Exactly. This is all she’s ever seen her father do. And remember, Marzelline realizes how much her father is being beaten down by this. She doesn’t know everything; dad tries to keep these things away from her. But she surmises that this man is suffering mightily. Perhaps he talks in his sleep. Rocco has these physical ailments, and she tries to help him.

They’re a manifestation of what he’s been through...
I believe that when you are put upon by the forces around you, you’re going to suffer psychologically and also physically.

Because Stage Director Chris Alexander isn’t asking you to play him as an old man, physically.
No. It’s the weight of all this...

...that has you falling apart.
Yes, internally. This thing is working its way out, and he can’t take much more. He wishes there was a way out, because of what he’s seen.

Arthur Woodley as Ferrando in Seattle Opera's 2010 Il trovatore
Rozarii Lynch, photo

How long has Pizarro been at this prison?
Pizarro probably came in after.

You were already there, and suddenly you have this new boss: “Oh, here’s the new guy in charge, I guess I’ll try and work with him...”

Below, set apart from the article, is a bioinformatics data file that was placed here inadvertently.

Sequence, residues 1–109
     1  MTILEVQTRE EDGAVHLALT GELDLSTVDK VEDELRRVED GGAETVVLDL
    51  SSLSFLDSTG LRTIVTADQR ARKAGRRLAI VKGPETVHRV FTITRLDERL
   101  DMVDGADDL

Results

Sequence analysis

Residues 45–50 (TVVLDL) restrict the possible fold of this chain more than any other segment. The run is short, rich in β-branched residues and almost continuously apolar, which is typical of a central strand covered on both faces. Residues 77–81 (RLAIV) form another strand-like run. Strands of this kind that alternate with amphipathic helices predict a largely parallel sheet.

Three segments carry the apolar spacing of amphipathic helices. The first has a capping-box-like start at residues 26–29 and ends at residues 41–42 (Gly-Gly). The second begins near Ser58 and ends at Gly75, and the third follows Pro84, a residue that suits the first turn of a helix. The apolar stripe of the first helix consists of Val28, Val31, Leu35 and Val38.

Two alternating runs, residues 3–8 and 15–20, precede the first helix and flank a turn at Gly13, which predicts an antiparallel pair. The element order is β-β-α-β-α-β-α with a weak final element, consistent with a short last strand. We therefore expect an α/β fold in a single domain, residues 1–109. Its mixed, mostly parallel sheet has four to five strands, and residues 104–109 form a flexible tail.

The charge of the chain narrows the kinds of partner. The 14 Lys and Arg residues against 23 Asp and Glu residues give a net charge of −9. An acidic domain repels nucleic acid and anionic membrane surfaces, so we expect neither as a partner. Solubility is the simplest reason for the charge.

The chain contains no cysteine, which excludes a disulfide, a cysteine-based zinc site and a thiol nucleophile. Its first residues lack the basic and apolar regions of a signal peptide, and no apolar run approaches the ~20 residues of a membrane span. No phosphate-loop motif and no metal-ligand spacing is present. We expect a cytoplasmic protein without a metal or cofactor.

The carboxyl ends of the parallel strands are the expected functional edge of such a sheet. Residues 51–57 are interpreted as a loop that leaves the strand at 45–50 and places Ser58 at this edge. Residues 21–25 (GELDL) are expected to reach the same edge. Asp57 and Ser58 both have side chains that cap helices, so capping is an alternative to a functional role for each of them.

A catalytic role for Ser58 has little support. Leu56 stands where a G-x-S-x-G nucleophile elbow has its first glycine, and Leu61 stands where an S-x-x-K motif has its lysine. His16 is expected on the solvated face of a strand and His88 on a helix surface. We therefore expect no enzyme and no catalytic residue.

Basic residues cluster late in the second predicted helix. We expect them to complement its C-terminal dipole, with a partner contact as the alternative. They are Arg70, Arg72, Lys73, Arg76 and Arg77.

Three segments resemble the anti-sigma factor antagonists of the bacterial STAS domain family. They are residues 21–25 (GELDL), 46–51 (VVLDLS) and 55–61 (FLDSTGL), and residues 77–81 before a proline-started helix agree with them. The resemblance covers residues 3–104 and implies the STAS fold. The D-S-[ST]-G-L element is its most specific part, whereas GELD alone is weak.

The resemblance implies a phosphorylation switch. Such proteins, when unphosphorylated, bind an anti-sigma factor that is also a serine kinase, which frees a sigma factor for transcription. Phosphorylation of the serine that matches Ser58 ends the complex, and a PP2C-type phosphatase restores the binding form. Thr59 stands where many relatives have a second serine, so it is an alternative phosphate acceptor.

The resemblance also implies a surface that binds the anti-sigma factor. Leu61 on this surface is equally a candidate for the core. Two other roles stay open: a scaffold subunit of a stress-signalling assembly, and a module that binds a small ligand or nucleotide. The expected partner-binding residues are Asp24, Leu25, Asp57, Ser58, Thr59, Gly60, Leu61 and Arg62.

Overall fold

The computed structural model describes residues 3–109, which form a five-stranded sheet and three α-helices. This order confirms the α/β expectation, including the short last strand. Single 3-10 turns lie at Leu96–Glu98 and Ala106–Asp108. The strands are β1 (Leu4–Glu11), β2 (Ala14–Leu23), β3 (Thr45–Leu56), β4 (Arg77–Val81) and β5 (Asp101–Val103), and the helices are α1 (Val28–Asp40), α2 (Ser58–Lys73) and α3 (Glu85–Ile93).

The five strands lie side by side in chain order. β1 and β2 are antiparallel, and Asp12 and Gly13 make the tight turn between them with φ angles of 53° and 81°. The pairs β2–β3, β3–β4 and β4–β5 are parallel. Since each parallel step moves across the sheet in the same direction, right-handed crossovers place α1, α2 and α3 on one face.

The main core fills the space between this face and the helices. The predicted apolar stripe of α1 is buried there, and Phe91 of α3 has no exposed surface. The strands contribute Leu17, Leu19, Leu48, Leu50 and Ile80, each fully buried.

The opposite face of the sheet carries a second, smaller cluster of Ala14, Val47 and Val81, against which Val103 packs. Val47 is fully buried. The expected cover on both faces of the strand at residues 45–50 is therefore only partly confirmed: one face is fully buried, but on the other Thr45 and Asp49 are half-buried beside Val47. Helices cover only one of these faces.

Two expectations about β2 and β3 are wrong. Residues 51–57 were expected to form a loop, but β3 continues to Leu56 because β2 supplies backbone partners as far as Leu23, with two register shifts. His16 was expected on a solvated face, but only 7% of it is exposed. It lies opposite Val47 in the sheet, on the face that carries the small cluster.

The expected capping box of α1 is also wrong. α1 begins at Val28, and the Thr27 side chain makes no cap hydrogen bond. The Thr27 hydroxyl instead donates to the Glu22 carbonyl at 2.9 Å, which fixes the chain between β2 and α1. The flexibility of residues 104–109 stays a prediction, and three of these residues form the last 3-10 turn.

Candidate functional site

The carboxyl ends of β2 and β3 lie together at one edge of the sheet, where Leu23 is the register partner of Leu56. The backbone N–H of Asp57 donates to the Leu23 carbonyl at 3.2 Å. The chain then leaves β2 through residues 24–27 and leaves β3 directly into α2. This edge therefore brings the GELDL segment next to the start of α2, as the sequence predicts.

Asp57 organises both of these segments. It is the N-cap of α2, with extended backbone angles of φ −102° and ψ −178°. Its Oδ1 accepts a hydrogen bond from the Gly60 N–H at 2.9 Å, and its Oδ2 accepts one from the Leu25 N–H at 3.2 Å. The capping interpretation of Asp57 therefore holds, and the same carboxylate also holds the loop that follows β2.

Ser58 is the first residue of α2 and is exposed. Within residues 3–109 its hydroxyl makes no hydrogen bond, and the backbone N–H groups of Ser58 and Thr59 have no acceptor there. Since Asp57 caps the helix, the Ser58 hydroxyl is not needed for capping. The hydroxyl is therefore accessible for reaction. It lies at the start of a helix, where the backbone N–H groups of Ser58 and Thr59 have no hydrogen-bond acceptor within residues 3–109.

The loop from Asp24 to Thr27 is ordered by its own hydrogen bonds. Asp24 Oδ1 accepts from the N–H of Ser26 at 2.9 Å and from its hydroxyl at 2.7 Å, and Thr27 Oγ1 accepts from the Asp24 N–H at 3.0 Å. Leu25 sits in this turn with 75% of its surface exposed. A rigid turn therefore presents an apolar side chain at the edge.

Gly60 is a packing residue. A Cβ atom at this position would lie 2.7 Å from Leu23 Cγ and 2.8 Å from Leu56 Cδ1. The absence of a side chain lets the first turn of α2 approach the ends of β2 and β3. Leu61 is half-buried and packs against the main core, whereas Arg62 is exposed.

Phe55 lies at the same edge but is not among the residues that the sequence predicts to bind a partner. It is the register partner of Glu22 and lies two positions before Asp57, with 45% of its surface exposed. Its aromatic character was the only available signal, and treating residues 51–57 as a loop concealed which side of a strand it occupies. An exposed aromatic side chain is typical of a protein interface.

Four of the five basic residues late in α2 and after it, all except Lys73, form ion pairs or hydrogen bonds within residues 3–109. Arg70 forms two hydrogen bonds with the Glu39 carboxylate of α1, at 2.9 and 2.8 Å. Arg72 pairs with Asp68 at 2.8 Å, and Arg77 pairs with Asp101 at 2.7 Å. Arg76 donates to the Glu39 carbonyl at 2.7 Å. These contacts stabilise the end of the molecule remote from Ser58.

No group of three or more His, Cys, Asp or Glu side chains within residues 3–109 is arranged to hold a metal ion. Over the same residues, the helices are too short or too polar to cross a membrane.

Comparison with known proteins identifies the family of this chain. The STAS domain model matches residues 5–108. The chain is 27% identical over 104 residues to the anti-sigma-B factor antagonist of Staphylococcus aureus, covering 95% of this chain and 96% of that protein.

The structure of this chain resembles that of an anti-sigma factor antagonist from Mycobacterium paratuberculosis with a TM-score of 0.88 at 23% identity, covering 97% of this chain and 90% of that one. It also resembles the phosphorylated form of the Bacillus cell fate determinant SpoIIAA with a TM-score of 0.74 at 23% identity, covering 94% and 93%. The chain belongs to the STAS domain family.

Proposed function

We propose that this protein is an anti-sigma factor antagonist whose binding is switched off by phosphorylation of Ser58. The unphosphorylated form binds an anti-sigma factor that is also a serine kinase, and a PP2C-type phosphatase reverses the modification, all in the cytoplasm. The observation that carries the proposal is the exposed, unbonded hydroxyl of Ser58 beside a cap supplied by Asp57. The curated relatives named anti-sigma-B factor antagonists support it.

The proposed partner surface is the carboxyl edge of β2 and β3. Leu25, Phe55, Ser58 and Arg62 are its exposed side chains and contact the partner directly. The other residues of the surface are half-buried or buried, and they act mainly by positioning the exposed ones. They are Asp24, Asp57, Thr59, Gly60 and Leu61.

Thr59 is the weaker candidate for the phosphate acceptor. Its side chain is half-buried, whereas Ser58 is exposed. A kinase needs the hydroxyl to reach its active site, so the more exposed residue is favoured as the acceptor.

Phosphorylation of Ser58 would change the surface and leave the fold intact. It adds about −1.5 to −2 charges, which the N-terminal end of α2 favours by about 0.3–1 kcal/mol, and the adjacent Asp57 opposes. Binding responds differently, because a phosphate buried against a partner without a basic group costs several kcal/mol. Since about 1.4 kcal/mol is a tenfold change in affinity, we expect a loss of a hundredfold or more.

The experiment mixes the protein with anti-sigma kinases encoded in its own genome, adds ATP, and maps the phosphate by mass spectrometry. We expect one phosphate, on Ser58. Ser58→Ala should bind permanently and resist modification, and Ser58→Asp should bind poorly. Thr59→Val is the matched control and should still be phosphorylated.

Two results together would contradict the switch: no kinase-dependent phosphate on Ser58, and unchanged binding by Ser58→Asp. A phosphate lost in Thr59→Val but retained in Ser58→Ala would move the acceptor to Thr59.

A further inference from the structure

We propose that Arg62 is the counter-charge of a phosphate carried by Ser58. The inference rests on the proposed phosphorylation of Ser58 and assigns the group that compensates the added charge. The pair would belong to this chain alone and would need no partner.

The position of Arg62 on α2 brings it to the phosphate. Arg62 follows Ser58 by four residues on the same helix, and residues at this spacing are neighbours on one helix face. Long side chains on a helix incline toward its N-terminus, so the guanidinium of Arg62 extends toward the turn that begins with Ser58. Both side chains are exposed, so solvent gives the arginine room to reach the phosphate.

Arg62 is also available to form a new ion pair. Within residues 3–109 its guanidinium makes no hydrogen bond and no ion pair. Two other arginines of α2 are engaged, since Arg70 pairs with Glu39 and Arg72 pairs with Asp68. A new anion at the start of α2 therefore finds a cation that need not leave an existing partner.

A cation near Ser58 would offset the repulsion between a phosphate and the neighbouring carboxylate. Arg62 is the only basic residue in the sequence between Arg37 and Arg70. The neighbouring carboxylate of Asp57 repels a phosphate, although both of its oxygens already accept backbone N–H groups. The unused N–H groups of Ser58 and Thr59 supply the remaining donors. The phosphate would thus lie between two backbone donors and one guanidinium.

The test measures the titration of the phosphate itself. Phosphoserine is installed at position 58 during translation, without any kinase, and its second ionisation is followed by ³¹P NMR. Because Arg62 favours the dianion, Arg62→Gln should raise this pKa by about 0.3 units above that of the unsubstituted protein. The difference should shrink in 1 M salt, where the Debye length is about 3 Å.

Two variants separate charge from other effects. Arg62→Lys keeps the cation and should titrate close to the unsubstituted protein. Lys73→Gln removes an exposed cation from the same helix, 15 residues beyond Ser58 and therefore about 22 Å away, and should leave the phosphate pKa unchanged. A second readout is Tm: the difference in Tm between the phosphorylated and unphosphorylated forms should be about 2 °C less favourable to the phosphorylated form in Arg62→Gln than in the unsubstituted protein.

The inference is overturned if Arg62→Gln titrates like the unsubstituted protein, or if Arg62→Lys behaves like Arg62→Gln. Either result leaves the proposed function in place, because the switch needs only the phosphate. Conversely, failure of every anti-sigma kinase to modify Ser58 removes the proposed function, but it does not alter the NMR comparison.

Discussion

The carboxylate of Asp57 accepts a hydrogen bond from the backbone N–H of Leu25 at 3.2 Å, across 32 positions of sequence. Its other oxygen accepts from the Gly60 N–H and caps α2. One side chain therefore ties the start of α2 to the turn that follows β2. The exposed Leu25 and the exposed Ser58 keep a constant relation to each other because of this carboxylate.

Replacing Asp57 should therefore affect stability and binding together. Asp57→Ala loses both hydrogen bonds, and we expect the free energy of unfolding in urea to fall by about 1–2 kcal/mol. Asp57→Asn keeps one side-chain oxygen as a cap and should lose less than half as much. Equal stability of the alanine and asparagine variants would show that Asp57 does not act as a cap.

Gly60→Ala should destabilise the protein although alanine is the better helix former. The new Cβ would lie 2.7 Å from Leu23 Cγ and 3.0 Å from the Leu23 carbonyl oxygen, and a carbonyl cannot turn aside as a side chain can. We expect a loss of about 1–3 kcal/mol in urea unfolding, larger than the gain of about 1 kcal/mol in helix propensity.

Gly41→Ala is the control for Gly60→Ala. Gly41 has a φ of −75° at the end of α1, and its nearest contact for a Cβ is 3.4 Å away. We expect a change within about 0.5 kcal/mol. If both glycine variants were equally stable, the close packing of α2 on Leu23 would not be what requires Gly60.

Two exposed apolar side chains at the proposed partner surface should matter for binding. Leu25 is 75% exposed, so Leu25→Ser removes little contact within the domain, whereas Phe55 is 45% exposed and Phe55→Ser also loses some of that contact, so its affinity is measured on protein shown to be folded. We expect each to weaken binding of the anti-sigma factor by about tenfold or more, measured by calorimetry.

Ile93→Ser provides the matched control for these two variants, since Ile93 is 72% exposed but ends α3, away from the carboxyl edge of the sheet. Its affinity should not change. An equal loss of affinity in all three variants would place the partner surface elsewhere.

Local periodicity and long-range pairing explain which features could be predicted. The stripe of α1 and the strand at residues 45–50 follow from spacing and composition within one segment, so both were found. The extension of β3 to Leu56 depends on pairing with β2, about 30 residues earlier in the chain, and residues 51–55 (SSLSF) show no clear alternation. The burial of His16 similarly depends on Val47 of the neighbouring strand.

Yes, Pizarro is ambitious, he knows if does a good job at this prison then the higher-ups are gonna say, “Hey, you’re on your way upward.” He really doesn’t care about me. He’s about his ambition and what he wants.

The libretto is quite specific that Florestan has been in prison here two years. But that’s just the tip of the iceberg, compared to how long you’ve been there, slowly...dessicating, as you say.
Yes.

And in Act One, when Pizarro tells you, “I want you to go kill this guy,” you refuse: “Morden? Das ist nicht meine Pflicht,” Murder is not my job. Is that the first time anybody’s ever asked you, so boldly, outright like that?
I think it is the first time anybody has asked me to kill a prisoner myself. I’ve seen it, I’ve witnessed it. That’s one of the causes of my degradation. You can’t get it out of your mind. I drink. Watch carefully, you’ll see me taking little sips from...I call it ‘the forgetfulness juice.’

Christiane Libor (Leonore/Fidelio) and Arthur Woodley (Rocco) rehearse a scene from Fidelio
Alan Alabastro, photo

It’s heavy on him, he is being crushed by this guilt. It’s partly my fault—I lead the prisoners to this place, I feed them, tend them, only for them to be killed. What good am I? I want to break out; I want to feel validated at some point, to say, “I was courageous.” I want my child to be happy: I’m hoping to marry her off to this wonderful guy who just came into our prison and is working with me as an Assistant Jailer. Maybe there will be some happiness, that’s my hope.

Arthur Woodley leads the Seattle Opera chorus in an ensemble from Lucia di Lammermoor

What’s your favorite thing in this opera to sing?